Low oil production drives price - US energy chief
The U.S. energy secretary said Saturday that insufficient oil production, not financial speculation, was driving soaring crude prices, the AP reported.
Secretary Samuel Bodman's comments on the eve of an energy summit in the Saudi port city of Jiddah set the stage for a showdown between the U.S. and conference host Saudi Arabia, which has largely blamed speculation in the oil markets for record prices.
The U.S. and many other Western nations have put increasing pressure on Saudi Arabia, the world's top oil exporter, to increase production. Saudi officials have been hesitant to do so, arguing that the market is not suffering from a shortage of supply.
Bodman disputed that assertion Saturday, saying oil production has not kept pace with growing demand, especially from developing countries like China and India.
"Market fundamentals show us that production has not kept pace with growing demand for oil, resulting in increasing prices and increasingly volatile prices," Bodman told reporters. "There is no evidence that we can find that speculators are driving futures prices" for oil.
He said commodities markets have experienced a huge influx of money from financial investors in recent years, but they have been following the market upward rather than driving the increase in the price of oil, which closed near $135 on Friday.
Saudi Arabia called the unusual meeting in Jiddah between oil producing and consuming nations as a way to show that it was not deaf to international cries that high oil prices have caused social and economic turmoil.
Saudi assistant oil minister, Prince Abdulaziz bin Salman, told a news conference that the delegates were "congregating to achieve results" and to try to draw "a collective way forward for how to attend to this situation."
"This situation as we see it today as it exists needs everybody's attention simply because it no longer is a luxury to talk about it or ... to keep bouncing back and forth blame," he added.
Abdulaziz said the decision of the kingdom to hold the meeting comes from a feeling of "enough is enough ... Let's sit as professionals committed to bringing remedies to this situation."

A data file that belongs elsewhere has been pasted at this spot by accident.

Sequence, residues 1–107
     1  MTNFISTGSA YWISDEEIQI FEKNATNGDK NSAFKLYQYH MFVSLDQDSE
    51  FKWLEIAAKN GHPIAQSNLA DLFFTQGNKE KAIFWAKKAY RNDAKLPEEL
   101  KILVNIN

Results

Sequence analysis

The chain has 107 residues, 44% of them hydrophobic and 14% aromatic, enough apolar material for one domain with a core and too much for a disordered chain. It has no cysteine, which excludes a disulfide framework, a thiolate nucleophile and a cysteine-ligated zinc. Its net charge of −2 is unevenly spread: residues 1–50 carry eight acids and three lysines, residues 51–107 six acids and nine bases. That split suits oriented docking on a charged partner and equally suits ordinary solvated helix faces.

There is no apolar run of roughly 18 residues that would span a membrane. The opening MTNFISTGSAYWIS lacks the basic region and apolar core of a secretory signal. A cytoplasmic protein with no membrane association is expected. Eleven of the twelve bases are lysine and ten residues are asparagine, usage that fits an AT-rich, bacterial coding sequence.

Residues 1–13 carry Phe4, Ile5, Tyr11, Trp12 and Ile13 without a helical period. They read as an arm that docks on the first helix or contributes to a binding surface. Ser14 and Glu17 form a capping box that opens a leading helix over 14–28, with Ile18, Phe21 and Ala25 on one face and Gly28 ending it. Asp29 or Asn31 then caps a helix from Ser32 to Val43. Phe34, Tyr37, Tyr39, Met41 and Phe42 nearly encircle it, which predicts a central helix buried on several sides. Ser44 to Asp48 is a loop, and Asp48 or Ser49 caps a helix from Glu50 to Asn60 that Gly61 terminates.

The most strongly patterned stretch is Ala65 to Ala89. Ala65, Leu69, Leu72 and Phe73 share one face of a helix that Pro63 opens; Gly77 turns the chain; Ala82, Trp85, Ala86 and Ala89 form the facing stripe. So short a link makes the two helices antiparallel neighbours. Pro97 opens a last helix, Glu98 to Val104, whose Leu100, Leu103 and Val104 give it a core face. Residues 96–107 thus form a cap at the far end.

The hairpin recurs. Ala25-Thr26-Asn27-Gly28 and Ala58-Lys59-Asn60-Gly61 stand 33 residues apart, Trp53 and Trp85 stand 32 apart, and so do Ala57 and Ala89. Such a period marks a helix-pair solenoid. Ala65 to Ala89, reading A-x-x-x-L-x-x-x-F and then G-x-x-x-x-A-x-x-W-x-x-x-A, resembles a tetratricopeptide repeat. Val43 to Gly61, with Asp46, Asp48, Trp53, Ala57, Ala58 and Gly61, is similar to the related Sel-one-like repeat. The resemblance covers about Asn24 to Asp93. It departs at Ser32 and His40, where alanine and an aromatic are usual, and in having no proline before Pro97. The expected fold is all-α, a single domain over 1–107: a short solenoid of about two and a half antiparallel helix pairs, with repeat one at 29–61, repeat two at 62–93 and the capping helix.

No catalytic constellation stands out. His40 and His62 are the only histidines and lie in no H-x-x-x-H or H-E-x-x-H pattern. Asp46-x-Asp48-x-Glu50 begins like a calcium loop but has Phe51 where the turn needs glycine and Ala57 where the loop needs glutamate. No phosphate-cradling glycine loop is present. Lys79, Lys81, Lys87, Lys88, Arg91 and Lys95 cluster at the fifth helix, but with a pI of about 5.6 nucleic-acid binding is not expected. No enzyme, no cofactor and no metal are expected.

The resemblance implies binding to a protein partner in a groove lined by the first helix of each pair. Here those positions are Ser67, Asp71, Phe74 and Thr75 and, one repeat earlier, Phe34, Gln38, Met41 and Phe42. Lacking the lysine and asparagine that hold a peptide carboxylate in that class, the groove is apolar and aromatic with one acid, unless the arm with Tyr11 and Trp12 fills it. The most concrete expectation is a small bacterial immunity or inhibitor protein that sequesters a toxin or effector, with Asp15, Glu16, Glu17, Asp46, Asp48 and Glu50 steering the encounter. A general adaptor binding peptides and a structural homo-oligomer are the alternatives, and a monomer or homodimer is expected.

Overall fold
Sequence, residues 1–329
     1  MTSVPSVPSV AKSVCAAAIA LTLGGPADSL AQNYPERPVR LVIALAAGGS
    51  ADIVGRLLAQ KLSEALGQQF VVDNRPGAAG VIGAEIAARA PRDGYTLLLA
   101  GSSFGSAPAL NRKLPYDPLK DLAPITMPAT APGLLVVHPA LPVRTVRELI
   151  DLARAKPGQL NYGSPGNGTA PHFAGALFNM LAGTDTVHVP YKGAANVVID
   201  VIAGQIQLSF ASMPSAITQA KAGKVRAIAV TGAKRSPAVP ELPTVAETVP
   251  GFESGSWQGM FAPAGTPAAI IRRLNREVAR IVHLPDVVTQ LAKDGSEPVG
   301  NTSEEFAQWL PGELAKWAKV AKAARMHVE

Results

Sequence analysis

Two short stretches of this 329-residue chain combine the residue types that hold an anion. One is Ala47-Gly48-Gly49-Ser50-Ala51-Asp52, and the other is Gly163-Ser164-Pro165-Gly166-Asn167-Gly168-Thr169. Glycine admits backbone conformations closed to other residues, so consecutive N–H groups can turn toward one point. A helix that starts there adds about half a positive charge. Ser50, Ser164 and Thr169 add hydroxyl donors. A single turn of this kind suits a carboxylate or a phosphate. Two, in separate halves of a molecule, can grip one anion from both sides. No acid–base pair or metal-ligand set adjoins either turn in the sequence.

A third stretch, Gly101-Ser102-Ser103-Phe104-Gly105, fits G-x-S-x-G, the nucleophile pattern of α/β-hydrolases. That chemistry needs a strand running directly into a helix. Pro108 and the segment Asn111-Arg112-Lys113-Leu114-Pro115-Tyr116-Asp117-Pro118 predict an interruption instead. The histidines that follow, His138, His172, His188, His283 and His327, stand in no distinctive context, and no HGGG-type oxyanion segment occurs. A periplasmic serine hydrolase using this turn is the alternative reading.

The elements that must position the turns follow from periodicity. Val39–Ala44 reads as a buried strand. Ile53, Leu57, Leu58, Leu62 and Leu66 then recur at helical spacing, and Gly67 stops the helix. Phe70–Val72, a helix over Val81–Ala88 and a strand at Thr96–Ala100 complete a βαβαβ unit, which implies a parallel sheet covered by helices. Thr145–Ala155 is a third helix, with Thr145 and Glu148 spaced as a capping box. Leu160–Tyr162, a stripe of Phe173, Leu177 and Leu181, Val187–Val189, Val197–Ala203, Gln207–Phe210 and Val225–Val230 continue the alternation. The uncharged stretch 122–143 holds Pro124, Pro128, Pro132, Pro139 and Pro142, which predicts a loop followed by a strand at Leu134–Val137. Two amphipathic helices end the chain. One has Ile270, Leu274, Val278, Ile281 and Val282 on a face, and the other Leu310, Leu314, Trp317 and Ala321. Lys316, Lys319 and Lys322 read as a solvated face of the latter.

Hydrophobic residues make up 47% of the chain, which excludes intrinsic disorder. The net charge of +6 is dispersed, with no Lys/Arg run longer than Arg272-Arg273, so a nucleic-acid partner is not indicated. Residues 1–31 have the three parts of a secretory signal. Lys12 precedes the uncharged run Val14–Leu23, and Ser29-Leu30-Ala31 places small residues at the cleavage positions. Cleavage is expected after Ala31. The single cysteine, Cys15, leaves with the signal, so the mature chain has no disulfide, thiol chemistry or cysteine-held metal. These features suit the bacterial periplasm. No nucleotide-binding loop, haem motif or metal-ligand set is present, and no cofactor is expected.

Abdulaziz reiterated that the kingdom is ready to meet demand from its customers and that it seeks stable oil prices.
He said it would be "wrong" to judge the success of the meeting by prices that oil registers the day after.
Many countries around the world have experienced social unrest by populations angry that rising fuel prices have driven significant increases in the cost of food and other basic goods.
The Gulf nation also has become increasingly concerned that record oil prices could hinder growth in the U.S. and other major industrialized economies, potentially leading to a decline in oil demand and a sharp drop-off in prices.
Saudi Arabia announced in May that it had increased oil production by 300,000 barrels per day and is expected to announce an additional increase of at least 200,000 barrels in Jiddah. Saudi officials have yet to officially confirm the latter increase, but the production jump did little to stem the run up in prices.
Bodman said that every 1 percent increase in the demand for oil requires a 20 percent rise in price to balance the market. Demand in China, India and the Middle East has been soaring in recent years as the countries consume more energy to fuel economic growth.
Rising demand in the developing world has coincided with historically low levels of spare oil production capacity, which fell below 2 million barrels per day among OPEC countries in May for the first time since the third quarter of 2006, according to the International Energy Agency.
Bodman made clear that the responsibility for reducing oil prices did not simply fall on the shoulders of producing nations, saying consuming countries must increase energy efficiency and invest in the development of alternative fuels. But he saved his strongest words for oil producers like Saudi Arabia, who he said must step up long-term investment in production and spare capacity.
"The incentive (for investing) is simply reasonable prices so that we're not faced with having to drop everything and race to Jiddah for a meeting that was called on a week's notice," said Bodman.
Saudi Arabia is completing a $50 billion plan to increase capacity to 12.5 million barrels a day from around 10.7 million barrels currently but has signaled it would not go beyond that. The kingdom currently produces about 9.5 million barrels per day.